12. It admits of no dispute that section 8 of Regulation X of 1359F. must be held to be invalid under articles 13(1) and 14 of the Constitution to the extent that it takes away the provision relating to confirmation of sentences as is contained in the Hyderabad Criminal Procedure Code. This, however, is a severable part of the section and being invalid, the provisions of the Hyderabad Criminal Procedure Code with regard to the confirmation of sentences must be followed. Those provisions, however, do not affect in any way the procedure for trial laid down in the Regulation. All that section 20 of the Hyderabad Criminal Procedure Code lays down is that sentences of particular description should not be executed unless assent of certain authorities to the same is obtained. The proper stage, therefore, when this section comes into operation is the stage of the execution of the sentence. The trial or conviction of the accused is not affected in any way by reason of the withdrawal of the provision relating to confirmation of sentences in the Regulation. The withdrawal is certainly inoperative and in spite of such withdrawal the accused can insist on the rights provided for under the general law.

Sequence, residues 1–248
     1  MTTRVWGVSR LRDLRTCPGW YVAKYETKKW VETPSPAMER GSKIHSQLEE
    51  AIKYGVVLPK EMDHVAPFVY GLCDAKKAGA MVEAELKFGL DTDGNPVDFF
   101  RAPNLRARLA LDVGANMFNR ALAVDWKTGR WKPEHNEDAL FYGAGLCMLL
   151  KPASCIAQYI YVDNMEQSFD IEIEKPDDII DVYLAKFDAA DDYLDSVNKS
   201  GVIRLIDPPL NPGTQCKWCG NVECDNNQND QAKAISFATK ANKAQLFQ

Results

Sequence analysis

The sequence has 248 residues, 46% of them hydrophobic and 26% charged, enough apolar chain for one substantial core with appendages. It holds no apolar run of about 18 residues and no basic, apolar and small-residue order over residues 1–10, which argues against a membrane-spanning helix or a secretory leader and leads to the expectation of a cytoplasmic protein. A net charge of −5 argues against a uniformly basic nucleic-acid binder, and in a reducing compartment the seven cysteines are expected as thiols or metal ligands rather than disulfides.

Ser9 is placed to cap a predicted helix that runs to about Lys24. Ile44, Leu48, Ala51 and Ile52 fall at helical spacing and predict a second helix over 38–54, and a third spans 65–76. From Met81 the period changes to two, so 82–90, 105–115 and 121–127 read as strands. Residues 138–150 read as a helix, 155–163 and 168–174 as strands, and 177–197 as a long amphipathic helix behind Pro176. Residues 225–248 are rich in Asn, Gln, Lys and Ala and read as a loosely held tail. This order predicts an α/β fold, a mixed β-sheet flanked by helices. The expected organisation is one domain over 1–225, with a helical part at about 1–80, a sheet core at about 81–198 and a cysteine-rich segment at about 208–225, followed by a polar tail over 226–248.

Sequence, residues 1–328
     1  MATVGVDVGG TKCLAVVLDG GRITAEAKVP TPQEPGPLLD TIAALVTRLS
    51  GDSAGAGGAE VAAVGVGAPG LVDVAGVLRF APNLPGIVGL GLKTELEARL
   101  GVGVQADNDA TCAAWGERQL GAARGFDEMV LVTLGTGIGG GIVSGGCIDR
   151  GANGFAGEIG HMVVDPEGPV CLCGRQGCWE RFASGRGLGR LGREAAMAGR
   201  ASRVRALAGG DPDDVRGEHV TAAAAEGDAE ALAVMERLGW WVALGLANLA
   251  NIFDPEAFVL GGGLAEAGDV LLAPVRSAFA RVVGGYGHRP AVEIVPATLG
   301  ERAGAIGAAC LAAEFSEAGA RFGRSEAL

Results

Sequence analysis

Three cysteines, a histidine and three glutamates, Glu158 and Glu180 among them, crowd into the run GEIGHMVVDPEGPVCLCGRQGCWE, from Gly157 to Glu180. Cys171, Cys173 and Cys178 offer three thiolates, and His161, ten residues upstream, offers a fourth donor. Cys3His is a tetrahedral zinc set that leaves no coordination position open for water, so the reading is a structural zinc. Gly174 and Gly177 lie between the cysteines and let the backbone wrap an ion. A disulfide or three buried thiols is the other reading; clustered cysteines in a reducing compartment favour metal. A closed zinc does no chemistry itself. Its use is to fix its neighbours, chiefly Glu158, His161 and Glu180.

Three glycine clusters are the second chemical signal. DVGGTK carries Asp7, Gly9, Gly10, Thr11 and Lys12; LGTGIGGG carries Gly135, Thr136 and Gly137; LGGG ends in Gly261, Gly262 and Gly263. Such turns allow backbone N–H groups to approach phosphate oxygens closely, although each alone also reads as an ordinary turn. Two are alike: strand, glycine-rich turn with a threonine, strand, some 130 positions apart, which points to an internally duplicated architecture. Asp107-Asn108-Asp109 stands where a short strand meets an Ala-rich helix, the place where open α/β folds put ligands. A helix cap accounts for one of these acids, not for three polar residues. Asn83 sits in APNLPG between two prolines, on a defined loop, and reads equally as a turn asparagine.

13. In the case before us the records show that no reference was made by the Special Judge after he passed the sentence of death upon the appellant in the manner contemplated by section 307 of the Hyderabad Code, which corresponds to section 374 of the Indian Criminal Procedure Code. There was, however, an appeal preferred by the accused and the entire file of the case came up before the High Court in that connection. As said already, the Division Bench, which heard the appeal, was divided in its opinion and consequently no question of confirmation of the death sentence could or did arise before that Bench. The question was, however, specifically raised towards the conclusion of the arguments before the third Judge, to whom it was referred; and it is significant to note that some time before that a Full Bench of the Hyderabad High Court had decided that the provision in the Regulation relating to confirmation of sentences was void and inoperative and consequently in spite of the said provision the sentences were required to be confirmed in accordance with the general law. The question was then raised whether the confirmation was to be made by the third Judge alone or it had to be done by the two Judges who agreed in dismissing the appeal. Mr. Justice Manohar Prasad decided that as the whole case was referred to him, he alone was competent to make the order for confirmation of the death sentence and he did actually confirm it by writing out in his own hand the order passing the sentence of death according to the provision laid down in the Hyderabad Code. Mr. Peerbhoy contends that this confirmation was illegal and altogether invalid as not being made in conformity with the provisions of the Hyderabad Code. We do not want to express any opinion on this point at the present moment. There appears on the face of the record an order for confirmation of the death sentence made by a Judge of the High Court. If this order is not in conformity with the provisions of law, the question may be raised before this court when the appeal comes up for hearing on its merits. This is, however, not a matter which affects the constitutional question with which only we are concerned at the present stage.